Hedgehog in the room: Britain needs to face its own biodiversity crisis

Hedgehog in the room: Britain needs to face its own biodiversity crisis

The targets agreed by governments at COP15 are set to drive fundamental change in UK conservation policy, writes Heart of England Forest’s Beth Brook

Great Britain is one of the poorest countries in nature on Earth. When it comes to biodiversity loss, we are in the bottom 10 percent in the world. We have one of the lowest tree cover percentages in Europe at just 13 percent. One in four native mammals – including water voles, hedgehogs and dormice – are threatened with extinction.

These statistics are hard to accept, but we still have an opportunity to turn things around. In December, the COP15 biodiversity summit in Montreal reached a historic global agreement to protect 30 percent of the planet for nature by 2030. The 30 x 30 agreement has been hailed by many as humanity’s last chance to save the ecosystems on which we all depend.

This is a very positive step forward in the fight to solve the global biodiversity crisis, but it is vital that we here in the UK do not fall into the trap of thinking of the crisis as something happening ‘over there’. While the degradation of tropical forests and the disappearance of exotic birds and insects are likely to attract more headlines and are of course extremely important to understand, the facts already outlined show that the depletion of nature and the loss of biodiversity is something that is also happening now on our land. own threshold.

If we are to position ourselves as world leaders on environmental issues, the UK must lead by example and develop a proper plan to take real, meaningful action to end the disaster. We need to demonstrate how we can achieve our common goal of ‘living in harmony with nature’.

Above all, we desperately need those in power to recognize the critical importance and value of nature. It’s not just something pretty that you visit on the weekend. Nature is the basis of all our lives. Our food and weather systems depend on the complex web of life that makes up the natural world. It is currently collapsing at a rate unprecedented in human history. Conservation is how we save ourselves from an uncertain and dangerous future.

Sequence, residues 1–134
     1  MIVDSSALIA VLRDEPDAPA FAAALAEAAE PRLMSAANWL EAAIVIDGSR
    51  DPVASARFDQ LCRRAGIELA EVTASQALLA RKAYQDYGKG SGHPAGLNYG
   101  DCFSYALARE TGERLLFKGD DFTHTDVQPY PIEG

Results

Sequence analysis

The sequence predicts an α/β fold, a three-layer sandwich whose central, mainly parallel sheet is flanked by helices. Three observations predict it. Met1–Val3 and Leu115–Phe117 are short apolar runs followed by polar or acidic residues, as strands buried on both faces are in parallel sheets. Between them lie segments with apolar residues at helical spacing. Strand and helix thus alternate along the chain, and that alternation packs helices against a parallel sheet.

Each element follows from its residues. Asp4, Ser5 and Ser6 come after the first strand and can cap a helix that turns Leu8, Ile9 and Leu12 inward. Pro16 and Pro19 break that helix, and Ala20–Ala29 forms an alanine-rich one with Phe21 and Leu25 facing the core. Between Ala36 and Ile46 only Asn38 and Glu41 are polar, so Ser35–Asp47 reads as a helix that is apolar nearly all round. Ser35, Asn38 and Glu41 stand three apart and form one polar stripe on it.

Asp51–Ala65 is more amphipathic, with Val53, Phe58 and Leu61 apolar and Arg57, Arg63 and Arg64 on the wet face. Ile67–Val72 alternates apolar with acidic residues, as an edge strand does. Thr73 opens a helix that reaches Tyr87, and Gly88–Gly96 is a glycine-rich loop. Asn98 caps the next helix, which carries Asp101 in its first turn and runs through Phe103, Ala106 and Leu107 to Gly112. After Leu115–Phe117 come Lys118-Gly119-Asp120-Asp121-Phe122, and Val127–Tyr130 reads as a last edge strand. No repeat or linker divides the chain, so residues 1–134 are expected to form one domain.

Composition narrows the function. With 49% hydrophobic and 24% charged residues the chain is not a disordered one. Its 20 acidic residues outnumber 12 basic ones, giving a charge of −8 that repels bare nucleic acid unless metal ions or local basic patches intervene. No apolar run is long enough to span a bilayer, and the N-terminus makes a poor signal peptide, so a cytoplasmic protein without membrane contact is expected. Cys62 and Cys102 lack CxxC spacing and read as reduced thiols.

For this we urgently need policy and investment. The government’s strategy until now has been mainly based on a short-term perspective. Now we need to think about how to restore and preserve the precious landscapes and wildlife of these islands for the long term.

Trees are a fundamental part of the solution. As well as providing vital wildlife habitats, they are key to achieving net zero and helping to reduce the impact of climate change on our natural world. When it comes to capturing and storing carbon emissions, no human technology can come close. And yet, proportionately, Britain has only about a third of the European average of trees. We clearly need much more.

However, the UK government’s approach to tree planting has been heavily criticized both for failing to meet agreed targets and for confusion over how those targets are to be met. Her commitment to increasing forest cover – saying they will add 30,000 hectares of forest every year by the end of this Parliament – is to be applauded. But it will only be an effective tool in addressing the twin challenges of the climate crisis and biodiversity loss if it is done in the right way, which means focusing on creating sustainable, resilient and diverse forest habitats that persist for many centuries.

In terms of maintaining biodiversity, all trees are not created equal. Of the trees we have, only half are native species. The rest are in industrial conifer plantations. The distinction is important. Old-growth forests with a mixture of native trees are home to much more wildlife and plants.